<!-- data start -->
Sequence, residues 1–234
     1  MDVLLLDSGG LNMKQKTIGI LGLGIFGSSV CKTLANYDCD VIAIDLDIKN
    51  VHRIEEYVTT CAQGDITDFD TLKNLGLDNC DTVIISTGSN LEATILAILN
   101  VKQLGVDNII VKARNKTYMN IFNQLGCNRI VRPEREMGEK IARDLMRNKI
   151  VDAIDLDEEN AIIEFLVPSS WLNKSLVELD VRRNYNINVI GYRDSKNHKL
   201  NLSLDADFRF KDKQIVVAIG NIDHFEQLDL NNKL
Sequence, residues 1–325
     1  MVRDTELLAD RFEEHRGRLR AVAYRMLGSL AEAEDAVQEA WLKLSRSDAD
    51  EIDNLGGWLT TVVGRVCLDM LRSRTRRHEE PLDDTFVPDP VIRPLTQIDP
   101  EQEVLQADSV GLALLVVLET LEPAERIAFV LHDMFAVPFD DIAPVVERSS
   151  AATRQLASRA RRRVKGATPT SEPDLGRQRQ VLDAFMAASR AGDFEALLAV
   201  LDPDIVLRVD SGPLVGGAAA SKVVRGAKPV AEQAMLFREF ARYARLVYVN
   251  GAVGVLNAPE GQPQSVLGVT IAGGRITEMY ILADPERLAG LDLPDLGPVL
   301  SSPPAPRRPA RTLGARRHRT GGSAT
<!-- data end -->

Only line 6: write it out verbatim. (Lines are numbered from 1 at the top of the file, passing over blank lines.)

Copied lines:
   201  NLSLDADFRF KDKQIVVAIG NIDHFEQLDL NNKL